Some thoughts in 2012. Most of the grubby network data format rules must be agreed upon between pairs nodes which are connected by a data link. Here are some conventions that require a broader agreement but this is good background for the issues. An earlier spike with some merit.
One of the aims of DSR is to minimize the amount of global agreement necessary for smooth network function. This helps avoid travails such as the current IPv6 turmoil.
We assume a net of nodes and data links connecting nodes pairwise. A node knows a connected link by an interface number from 1 to 15.
Implicit here is that nodes are simple conventional software platforms which sometimes crash but have non-volatile storage into which they can afford to write occasionally, like a disk. Reputation of nodes will emerge at higher levels and reputations last for timescales longer than mean-time between crashes.
As I review the material below I realize that I have made some implicit suppositions which I should perhaps warn the reader of
In this terminology the leaves of the net are themselves nodes and SS within packets arriving there serves only to convey the return path, if any. In fact SS interpretation is at the discretion of the leaf and its meaning is left up to the sender and receiver. Nodes might charge more for a large SS and thus create an incentive to put data for the receiver in the payload. If the packet includes a return path then upon arrival, the return path serve as a destination path that leads back to the sender.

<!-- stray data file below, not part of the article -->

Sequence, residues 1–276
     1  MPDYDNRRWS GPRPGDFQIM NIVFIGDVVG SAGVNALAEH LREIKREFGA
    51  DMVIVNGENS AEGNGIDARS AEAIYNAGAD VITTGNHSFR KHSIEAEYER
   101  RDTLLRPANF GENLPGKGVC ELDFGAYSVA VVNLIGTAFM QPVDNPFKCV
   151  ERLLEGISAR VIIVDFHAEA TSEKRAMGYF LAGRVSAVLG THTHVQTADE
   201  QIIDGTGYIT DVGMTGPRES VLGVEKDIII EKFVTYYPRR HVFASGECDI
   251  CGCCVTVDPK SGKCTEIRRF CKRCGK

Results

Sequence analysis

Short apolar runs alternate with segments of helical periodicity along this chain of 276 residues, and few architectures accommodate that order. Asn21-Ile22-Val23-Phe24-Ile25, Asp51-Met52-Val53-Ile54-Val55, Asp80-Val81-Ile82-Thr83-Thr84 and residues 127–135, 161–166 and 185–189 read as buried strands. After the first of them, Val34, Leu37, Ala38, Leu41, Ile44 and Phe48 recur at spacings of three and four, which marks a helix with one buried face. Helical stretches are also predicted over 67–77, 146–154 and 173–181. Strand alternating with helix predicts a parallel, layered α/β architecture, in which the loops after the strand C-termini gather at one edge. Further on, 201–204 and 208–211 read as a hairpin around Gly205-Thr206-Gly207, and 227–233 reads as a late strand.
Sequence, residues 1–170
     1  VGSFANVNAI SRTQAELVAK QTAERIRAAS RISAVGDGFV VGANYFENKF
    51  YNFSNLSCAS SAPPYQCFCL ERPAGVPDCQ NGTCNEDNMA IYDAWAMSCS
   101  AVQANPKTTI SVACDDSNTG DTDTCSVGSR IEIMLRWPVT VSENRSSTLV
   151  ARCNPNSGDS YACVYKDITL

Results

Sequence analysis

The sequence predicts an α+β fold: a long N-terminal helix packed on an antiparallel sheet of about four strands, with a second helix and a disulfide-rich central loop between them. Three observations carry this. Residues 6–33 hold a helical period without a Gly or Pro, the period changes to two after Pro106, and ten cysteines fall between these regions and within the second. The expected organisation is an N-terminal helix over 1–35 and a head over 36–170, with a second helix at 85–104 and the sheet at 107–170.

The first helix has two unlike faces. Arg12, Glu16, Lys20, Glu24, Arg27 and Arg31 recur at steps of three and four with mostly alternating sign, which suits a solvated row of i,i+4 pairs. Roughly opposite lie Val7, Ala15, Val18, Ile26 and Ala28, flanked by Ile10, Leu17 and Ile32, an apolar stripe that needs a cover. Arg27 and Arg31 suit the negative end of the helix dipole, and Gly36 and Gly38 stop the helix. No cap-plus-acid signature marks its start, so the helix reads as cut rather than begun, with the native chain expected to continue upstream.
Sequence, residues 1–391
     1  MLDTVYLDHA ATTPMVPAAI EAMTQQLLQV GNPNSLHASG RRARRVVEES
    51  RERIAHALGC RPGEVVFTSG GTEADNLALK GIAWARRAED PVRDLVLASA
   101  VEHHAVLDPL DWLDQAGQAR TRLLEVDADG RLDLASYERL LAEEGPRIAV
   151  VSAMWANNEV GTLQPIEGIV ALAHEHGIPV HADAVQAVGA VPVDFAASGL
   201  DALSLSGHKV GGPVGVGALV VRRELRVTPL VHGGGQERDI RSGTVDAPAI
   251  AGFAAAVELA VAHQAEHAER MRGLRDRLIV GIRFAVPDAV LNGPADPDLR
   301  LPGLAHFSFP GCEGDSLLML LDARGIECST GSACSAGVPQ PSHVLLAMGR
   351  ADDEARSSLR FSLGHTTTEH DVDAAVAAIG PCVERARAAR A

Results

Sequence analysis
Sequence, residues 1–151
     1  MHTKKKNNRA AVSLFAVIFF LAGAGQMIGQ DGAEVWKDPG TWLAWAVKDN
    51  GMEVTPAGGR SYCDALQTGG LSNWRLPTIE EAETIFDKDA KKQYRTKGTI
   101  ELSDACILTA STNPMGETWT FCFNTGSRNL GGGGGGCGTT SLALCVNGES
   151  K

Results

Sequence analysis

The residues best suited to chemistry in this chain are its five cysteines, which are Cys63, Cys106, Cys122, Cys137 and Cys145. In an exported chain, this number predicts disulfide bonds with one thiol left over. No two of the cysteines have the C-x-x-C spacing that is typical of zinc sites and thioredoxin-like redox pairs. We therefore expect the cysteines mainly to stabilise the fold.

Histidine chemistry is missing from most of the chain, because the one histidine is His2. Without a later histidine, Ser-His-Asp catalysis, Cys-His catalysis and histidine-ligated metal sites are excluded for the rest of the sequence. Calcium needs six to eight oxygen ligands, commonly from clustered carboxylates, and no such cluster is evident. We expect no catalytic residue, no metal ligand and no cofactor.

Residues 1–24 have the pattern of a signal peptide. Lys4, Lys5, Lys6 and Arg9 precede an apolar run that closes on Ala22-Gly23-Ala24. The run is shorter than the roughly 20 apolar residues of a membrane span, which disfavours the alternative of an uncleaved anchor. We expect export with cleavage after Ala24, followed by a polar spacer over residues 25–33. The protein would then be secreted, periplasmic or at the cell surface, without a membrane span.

If a packet arrives at a node with a return path denoting a path thru a local neighborhood of conventional nodes (that obey these conventions) then the node knows where the packet entered the neighborhood.
There are link messages on a link that are addressed only to the node at the other end of the link. They are conceptually distinct from packets and evil packets from afar must not be mistaken for link messages. Packets could be carried between nodes in link messages but that is a local decision. The integrity of link message may be more critical than packet blocks but again that is not a global matter. More here.
Global upper limits on the size of each of SS and payload might be strategic. Alternatively scouts might gather limits imposed by particular links.
Possible extra turn op semantics
traceroute as possible global protocol.
Circuits, Backpressure, Hardware
When a node comes up it senses some interfaces. It recalls its own private and public keys. It sends out on each of its interfaces a ‘running’ link message which includes its own public key. Whenever a ‘running’ or ‘welcome’ link message arrives on an interface it associates the public key in the payload with the interface and for ‘running’ responds with a ‘welcome’ message over that interface, including its own public key. For the ‘running’ message all scouts that are registered with the recipient node, are notified of the public key and interface number.
When the destination path of a newly arrived packet is empty, the node is the end receiver of a packet. Such a packet may be from a network scout whereupon it replies with its array of interfaces along with available public keys. It also remembers the scout and the path by which to reach it. The packet from the scout must include funds for the reply, and perhaps a bit extra. Possibly a financial arrangement with the scout may be made at this time for the node to inform the scout of new neighbors. There is a pattern here: Higher level functions pay lower level functions.
See some possible link formats.
Managing the Link